Scaling up development, production of CBPP vaccine for cattle in Kenya

August 15, 2018
Developing a vaccine prototype for CBPP.

Contagious bovine pleuropneumonia (CBPP), a highly contagious respiratory disease of cattle, has serious economic and trade consequences for sub-Saharan Africa. But there is hope: researchers from Kenya and Canada are partnering with vaccine manufacturers, government regulators, and pan-African organizations to commercialize and mass produce a practical and affordable solution. Access to such a vaccine would be a game changer for small-scale livestock keepers, the majority of whom are poor and women.

Developing the first effective vaccine for CBPP

CBPP affects the livelihoods of some 24 million cattle producers in 26 African countries. The bacterial infection is a major impediment to international trade, resulting in an estimated US$2 billion in losses annually.Other CBPP vaccines are available but they are short-lived and require refrigeration, making them impractical in many parts of Africa.

In a global first, major progress has been made toward developing a new vaccine that is safe, highly effective, and easily stored and transported, with no cooling required. Several promising vaccine candidates have been identified and development, regulatory, and production efforts are being scaled up to make them available to farmers throughout Kenya and other African countries.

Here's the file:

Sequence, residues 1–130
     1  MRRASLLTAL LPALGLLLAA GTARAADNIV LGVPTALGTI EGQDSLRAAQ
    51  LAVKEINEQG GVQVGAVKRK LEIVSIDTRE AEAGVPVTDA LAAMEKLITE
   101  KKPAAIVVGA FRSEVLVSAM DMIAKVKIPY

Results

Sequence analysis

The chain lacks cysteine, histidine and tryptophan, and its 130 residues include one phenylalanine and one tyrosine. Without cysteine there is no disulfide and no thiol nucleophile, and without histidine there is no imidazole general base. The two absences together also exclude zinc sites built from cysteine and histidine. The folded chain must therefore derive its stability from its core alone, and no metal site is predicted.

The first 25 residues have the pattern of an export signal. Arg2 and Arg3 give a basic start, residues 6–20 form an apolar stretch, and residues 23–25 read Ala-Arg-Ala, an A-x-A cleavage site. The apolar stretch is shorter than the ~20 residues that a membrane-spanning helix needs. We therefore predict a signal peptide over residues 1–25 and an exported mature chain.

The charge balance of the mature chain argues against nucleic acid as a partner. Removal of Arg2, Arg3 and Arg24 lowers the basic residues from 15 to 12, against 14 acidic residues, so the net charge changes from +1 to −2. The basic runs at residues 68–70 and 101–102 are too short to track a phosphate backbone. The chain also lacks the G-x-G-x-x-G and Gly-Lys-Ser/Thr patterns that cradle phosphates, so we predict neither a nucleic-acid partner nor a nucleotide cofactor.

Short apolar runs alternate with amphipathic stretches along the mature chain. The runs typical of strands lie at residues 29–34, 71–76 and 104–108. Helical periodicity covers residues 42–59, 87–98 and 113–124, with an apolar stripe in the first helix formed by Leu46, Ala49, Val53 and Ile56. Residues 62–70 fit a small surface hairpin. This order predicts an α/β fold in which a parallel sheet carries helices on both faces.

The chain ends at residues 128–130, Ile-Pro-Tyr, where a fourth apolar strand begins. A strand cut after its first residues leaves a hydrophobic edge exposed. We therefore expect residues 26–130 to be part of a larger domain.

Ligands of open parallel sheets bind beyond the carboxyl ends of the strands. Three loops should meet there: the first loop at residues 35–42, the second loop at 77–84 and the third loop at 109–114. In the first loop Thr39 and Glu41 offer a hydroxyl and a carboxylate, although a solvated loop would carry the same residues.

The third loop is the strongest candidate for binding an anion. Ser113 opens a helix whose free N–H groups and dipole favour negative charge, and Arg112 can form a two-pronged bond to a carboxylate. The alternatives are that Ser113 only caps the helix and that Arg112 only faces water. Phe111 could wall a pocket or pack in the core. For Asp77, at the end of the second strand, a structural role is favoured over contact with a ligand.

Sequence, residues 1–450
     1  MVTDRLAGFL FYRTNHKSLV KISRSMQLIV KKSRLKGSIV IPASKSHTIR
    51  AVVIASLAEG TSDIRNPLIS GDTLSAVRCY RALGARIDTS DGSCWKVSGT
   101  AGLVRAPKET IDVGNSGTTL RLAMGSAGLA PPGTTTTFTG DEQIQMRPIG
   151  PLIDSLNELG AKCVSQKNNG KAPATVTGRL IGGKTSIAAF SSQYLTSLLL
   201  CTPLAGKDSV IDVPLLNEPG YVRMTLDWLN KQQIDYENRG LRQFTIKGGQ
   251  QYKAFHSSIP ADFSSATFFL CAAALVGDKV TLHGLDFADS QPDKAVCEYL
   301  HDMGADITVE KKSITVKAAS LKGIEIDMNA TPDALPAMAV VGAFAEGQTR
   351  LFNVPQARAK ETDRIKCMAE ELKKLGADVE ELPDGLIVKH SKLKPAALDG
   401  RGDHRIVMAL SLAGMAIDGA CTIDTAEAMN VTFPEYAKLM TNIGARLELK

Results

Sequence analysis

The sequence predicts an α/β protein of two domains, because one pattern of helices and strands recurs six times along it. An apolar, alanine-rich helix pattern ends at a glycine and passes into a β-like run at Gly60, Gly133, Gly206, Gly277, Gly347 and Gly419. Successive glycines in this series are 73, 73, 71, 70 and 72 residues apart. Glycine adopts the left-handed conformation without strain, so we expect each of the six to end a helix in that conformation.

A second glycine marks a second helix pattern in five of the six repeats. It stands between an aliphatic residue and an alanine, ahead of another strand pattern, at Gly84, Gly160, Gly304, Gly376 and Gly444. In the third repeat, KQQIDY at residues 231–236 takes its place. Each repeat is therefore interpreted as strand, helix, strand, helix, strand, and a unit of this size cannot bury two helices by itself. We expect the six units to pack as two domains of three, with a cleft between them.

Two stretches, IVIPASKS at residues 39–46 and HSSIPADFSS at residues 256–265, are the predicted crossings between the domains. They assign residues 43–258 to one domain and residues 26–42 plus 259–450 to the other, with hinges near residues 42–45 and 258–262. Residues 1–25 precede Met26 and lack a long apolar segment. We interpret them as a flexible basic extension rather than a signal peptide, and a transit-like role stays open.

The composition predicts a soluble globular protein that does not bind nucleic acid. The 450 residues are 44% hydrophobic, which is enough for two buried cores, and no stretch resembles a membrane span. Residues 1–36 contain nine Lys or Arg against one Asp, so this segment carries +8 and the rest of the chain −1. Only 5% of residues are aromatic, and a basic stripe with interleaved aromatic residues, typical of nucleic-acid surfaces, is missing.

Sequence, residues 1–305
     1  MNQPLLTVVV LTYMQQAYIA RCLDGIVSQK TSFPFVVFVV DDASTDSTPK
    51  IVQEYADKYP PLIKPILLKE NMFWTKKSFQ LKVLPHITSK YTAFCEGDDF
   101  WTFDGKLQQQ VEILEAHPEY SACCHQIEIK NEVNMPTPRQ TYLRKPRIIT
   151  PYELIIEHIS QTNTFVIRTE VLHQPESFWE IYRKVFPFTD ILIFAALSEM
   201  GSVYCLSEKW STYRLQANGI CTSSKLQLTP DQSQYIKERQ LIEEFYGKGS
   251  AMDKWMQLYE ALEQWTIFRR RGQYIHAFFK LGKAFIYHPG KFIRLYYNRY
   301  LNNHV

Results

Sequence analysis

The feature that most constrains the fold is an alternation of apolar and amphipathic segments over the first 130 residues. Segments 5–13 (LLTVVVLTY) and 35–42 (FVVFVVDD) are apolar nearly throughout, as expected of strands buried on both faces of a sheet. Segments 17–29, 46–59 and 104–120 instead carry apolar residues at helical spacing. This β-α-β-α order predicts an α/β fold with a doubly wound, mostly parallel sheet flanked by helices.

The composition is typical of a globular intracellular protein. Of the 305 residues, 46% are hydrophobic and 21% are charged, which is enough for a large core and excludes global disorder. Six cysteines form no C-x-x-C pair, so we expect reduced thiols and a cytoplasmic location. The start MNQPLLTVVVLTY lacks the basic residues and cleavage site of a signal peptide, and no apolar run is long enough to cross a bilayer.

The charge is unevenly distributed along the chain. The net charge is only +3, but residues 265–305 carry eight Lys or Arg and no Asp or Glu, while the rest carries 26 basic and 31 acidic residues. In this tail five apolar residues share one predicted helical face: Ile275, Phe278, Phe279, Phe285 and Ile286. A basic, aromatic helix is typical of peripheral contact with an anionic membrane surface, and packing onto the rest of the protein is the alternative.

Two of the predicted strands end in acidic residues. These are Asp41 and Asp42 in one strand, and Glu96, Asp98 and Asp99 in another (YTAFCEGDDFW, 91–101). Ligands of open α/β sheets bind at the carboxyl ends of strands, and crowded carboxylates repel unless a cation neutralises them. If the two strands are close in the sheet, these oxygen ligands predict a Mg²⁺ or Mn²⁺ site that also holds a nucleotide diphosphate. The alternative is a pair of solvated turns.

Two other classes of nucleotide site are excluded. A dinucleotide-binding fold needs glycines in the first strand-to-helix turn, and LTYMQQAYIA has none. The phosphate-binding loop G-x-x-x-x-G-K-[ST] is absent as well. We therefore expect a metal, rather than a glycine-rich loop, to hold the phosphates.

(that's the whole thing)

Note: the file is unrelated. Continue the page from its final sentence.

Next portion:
Firming up the business case for farmers

Researchers used computational genomics and animal trials to identify eight proteinsthat were subsequently shown to provide significant protection against CBPP. They offer the greatest potential yet for developing a vaccine that can be rapidly produced by manufacturers and easily used by farmers—a key priority of the African Union.

Production and field tests are currently underway in Kenya. The goal isto improve its protection, reduce side effects, and prolong immunity. The project is also working with social scientists and economists to overcome regulatory, gender, or cost issues that may affect distribution and acceptance of a vaccine. Involving male and female livestock keepers in the research increases the likelihood of them using the vaccine over the long-term.

The vaccine could prove to be a model for vaccines to protect livestock—and even humans—against other existing and emerging diseases.

Expected outcomes

  • Partner with a local vaccine manufacturer in Kenya to mass produce and deliver an inexpensive CBPP vaccine with proven efficacy and long shelf life
  • Increase international trade of cattle for livestock keepers, both women and men
  • Develop strategic control programs to eliminate CBPP (using the new vaccine) in targeted regions
  • Design strategies to ensure the vaccine’s uptake among small-scale livestock keepers
  • Train a new generation of experts and leaders in Kenya and in Canada on CBPP

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Learn more about this project

Read the project abstract (107849): Development of a Subunit Vaccine for Contagious Bovine Pleuropneumonia in Africa (CIFSRF Phase 2)